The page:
A Summary of x86 String Instructions

Ophir Harpaz
5 min readJul 22, 2018

I have never managed to memorize all of x86 Assembly’s string instructions — so I wrote a cheat sheet for myself. Then I thought other people may find it useful too, and so this cheat sheet is now a blog post.

This is what you’ll find here:

  1. The logic behind x86 string instructions.
  2. All the information from (1) squeezed into a table.
  3. A real-life example.

Let’s go.

Note: in order to understand this post, basic knowledge in x86 Assembly is required. I do not explain what registers are, how a string is represented in memory, etc.

The Logic

The Prefix + Instruction Combo

First, let’s make the distinction between string instructions (MOVS, LODS, STOS, CMPS, SCAS) and repetition prefixes (REP, REPE, REPNE, REPZ, REPNZ).

Repetition prefixes are meaningful only when preceding string instructions. They cause the specified instruction to repeat as long as certain conditions are met. These prefixes are also responsible for updating the relevant pointers after each iteration by the proper number of bytes.

The possible combinations of prefixes and instructions are described in the following figure.

Possible combinations of repetition prefixes (dark blue) and string instructions (light blue).

Note: I exclude the INS, OUTS string instructions as I have rarely seen them.

Termination Conditions

  • REP: repeat until ECX equals 0.
  • REPE, REPZ: repeat until ECX equals 0 or as long as the zero flag is set. The two prefixes mean exactly the same.
  • REPNE, REPNZ: repeat until ECX equals 0 or as long as the zero flag is unset. The two prefixes mean exactly the same.

String Instructions

The instruction’s first three letters tell us what it does. The “S” in all instructions stands for — how surprising — “String”. Each of these instructions is followed by a letter representing the size to operate on: ‘B’ for byte, ‘W’ for word (2 bytes) and ‘D’ for double-word (4 bytes).

Some string instructions operate on two strings: the string pointed to by ESI register (source string) and the string pointed to by EDI register (destination string):

  • MOV moves data from the source string to the destination string.
  • CMP compares data between the source and destination strings (in x86, comparison is basically subtraction which affects the EFLAGS register).
Strings pointed to by the ESI, EDI registers.

Other string instructions operate on only one string:

  • LOD loads data from the string pointed to by ESI into EAX¹.
  • STO stores data from EAX¹ into the string pointed to by EDI.
  • SCA scans the data in the string pointed to by EDI and compares it to EAX¹ (again, along with affecting EFLAGS).

1. I use EAX to refer to AL for byte operations, AX for word operations and EAX for double-word operations.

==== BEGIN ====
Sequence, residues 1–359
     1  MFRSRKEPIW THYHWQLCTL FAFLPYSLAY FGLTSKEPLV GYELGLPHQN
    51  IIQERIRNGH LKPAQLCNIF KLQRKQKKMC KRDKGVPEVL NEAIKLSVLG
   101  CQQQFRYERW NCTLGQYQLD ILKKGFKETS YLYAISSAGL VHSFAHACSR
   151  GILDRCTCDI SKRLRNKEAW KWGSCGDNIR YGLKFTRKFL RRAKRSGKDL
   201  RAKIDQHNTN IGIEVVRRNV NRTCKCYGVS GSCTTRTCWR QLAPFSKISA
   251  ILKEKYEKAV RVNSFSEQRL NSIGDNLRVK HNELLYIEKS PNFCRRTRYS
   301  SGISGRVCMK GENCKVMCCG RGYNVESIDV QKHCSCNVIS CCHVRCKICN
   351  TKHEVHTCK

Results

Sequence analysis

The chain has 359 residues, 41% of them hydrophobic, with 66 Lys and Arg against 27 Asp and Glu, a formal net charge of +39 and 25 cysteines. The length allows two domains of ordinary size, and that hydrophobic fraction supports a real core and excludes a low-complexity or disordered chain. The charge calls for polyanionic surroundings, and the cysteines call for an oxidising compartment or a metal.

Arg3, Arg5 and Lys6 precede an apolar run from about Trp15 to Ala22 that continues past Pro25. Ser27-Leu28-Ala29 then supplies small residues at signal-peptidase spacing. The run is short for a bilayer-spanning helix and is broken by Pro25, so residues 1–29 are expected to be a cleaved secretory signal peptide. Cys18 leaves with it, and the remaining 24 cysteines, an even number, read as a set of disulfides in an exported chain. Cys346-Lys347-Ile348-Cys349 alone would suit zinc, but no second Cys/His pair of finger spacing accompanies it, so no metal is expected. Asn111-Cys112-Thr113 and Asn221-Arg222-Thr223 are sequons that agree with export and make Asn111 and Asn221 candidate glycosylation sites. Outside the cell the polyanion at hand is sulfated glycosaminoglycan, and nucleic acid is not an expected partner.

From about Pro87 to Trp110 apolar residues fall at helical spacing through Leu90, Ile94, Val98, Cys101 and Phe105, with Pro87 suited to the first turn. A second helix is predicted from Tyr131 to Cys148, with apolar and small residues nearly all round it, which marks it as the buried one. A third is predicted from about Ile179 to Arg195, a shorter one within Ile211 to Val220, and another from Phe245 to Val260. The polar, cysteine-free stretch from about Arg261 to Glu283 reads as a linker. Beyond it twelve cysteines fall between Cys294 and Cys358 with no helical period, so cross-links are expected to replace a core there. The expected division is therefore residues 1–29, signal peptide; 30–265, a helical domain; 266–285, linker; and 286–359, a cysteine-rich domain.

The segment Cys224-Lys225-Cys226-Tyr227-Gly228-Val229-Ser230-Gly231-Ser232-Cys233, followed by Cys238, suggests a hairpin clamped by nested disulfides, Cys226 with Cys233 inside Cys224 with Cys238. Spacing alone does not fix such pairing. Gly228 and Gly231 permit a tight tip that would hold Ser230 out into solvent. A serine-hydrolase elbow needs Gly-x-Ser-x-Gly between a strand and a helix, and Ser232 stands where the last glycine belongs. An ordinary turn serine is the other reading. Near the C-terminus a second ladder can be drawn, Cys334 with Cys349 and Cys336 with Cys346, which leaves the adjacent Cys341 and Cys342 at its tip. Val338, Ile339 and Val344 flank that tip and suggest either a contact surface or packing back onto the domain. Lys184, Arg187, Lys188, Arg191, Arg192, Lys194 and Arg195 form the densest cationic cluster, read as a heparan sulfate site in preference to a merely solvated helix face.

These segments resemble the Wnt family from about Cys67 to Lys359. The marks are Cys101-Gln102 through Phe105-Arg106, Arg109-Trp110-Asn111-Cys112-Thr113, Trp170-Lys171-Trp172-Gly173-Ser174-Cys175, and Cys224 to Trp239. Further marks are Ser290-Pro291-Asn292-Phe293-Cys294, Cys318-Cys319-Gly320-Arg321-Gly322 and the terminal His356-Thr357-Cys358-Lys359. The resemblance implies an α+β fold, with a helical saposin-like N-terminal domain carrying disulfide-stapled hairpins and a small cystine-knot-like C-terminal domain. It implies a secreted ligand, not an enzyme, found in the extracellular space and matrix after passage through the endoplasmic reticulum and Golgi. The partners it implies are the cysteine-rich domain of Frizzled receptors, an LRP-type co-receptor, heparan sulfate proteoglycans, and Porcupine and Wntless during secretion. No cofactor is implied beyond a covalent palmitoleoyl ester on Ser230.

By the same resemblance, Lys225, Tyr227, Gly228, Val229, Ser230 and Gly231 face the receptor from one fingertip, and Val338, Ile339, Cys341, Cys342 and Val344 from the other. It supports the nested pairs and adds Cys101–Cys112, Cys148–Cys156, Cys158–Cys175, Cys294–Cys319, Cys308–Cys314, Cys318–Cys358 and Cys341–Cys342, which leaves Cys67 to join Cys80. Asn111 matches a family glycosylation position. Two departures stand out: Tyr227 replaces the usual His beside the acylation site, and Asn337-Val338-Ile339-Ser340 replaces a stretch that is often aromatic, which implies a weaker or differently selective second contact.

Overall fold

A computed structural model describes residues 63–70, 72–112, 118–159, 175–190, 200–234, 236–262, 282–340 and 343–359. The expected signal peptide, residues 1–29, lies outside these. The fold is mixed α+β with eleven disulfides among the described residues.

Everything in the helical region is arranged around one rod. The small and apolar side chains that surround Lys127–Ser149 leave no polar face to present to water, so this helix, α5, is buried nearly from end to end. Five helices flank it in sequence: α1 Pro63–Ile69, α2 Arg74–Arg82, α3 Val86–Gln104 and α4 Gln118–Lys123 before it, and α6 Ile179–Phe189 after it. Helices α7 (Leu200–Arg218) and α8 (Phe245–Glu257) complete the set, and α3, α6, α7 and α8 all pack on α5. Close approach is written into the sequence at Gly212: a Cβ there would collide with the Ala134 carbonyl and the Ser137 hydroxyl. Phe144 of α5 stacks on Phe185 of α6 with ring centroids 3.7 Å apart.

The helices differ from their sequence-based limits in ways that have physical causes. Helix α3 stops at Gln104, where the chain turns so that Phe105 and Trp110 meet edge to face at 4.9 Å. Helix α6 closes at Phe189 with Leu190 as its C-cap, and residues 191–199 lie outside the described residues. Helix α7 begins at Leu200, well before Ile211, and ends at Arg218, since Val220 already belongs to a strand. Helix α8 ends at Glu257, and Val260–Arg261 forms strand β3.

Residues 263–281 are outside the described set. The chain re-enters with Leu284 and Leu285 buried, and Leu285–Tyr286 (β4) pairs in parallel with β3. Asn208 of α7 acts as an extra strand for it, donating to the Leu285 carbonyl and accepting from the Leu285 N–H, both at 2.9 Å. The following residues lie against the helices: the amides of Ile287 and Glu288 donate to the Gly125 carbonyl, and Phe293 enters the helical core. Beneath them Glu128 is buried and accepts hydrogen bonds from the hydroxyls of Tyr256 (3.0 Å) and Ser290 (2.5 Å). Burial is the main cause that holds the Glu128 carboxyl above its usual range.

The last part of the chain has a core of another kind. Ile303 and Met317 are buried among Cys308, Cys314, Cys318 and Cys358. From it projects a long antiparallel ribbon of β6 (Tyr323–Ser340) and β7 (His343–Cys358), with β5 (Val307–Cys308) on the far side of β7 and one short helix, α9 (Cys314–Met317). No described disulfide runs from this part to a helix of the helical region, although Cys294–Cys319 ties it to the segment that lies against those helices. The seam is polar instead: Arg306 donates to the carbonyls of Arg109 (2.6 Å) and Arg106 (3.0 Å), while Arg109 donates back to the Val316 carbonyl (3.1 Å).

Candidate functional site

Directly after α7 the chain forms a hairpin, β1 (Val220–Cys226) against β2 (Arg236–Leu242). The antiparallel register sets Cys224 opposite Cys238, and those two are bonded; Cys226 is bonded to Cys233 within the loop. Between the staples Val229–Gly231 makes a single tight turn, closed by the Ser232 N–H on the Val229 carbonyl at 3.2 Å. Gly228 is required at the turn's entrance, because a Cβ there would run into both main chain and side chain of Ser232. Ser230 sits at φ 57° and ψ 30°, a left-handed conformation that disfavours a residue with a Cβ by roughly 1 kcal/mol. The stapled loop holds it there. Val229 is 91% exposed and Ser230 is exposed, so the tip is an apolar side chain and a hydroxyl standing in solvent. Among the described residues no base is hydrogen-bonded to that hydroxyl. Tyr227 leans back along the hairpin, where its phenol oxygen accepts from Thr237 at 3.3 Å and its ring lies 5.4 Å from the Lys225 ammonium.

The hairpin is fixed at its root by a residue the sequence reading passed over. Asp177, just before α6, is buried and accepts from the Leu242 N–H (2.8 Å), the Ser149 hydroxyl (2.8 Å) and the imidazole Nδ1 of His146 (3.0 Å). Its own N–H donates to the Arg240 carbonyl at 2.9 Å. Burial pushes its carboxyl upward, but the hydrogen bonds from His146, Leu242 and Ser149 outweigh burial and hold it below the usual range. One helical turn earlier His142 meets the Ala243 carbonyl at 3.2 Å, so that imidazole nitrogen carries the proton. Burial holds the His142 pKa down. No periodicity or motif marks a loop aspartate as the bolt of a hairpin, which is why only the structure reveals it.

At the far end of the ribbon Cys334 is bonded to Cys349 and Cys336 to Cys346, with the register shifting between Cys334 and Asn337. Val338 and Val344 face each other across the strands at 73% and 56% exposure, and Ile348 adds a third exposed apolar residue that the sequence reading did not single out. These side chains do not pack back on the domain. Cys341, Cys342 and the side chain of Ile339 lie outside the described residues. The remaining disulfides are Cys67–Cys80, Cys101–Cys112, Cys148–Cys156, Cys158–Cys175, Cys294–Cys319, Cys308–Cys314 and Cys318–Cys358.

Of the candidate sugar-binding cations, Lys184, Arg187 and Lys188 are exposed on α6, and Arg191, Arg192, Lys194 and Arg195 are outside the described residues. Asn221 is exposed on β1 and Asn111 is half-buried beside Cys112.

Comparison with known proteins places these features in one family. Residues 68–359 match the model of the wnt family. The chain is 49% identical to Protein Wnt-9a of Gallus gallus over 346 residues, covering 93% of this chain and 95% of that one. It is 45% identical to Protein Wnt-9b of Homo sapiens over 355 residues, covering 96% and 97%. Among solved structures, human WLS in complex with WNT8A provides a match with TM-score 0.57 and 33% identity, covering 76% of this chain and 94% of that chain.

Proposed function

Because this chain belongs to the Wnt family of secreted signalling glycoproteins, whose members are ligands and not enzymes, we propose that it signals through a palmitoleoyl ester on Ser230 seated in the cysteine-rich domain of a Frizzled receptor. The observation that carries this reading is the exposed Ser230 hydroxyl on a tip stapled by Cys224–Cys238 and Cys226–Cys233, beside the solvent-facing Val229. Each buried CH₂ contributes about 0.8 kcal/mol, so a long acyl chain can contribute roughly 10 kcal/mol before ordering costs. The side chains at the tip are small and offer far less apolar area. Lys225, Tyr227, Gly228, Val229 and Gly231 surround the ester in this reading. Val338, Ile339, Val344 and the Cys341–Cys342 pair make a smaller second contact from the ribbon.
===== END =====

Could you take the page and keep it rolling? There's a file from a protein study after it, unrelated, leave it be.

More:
2. After each iteration, ESI and EDI are incremented if the direction flag is set, and decremented otherwise.

REPE CMPSB for Trump’s Rescue.

Cheat Sheet

Cheat sheet for x86 Assembly’s string instructions.

A Real-Life Example

Lately, we started doing CTFs at work (Trusteer, IBM Security). I stumbled upon a crack-me challenge from reversing.kr which contained the following function. Try to think about what this function is while we reverse engineer it together.

The function receives three arguments and puts the third (arg_8) in ECX. If arg_8 equals zero, the function returns.

Otherwise, we prepare the other registers for a string instruction: the first argument, arg_0, is moved into EDI and EAX is set to zero.

Now, we have a REPNE SCASB:

  • The string pointed to by EDI is scanned and each character is compared to zero, held by AL.
  • This happens until ECX equals zero or until a null-terminator is scanned.

Practically speaking, this instruction aims at finding the length of the destination string.
If ECX ends up being zero (meaning a null terminator was not encountered), then ECX simply receives its original value back — arg_8.
Otherwise, if the loop terminates due to a null character, ECX is set to the destination string’s length (including the null character).
In other words, ECX is set to Min{ECX, len(destination_string)}.

Now EDI is set to arg_0 and ESI is set to arg_4, and we have REPE CMPSB:

  1. Each character pointed to by EDI is compared to the corresponding one pointed to by ESI.
  2. This happens until ECX equals zero (namely, the destination string has been fully consumed) or until the zero flag is unset (namely, until a difference between the strings is detected).

Then, the last character in the EDI string is compared to the last character in the ESI string:

  • If they are equal — the function returns zero (ECX XORed with itself).
  • If the character in [ESI-1] has a higher ASCII value than the one in [EDI-1] — the function returns 0xffffffff, or -1. This happens when the source string is lexicographically bigger than the destination string.
  • Otherwise, The function returns not 0xfffffffe, which is 1.

I reverse-engineered the function at work and then went to a colleague to see how he was doing. To my surprise, his IDA recognized this function as strncmp. My version didn’t. Argh.

strncmp displays a nice usage of string instructions which makes it a nice function for practice. In any case, now you know how strncmp is implemented.



Ophir Harpaz

@ophirharpaz on Twitter. Security researcher at Guardicore. Reverse engineering enthusiast. Author of https://begin.re.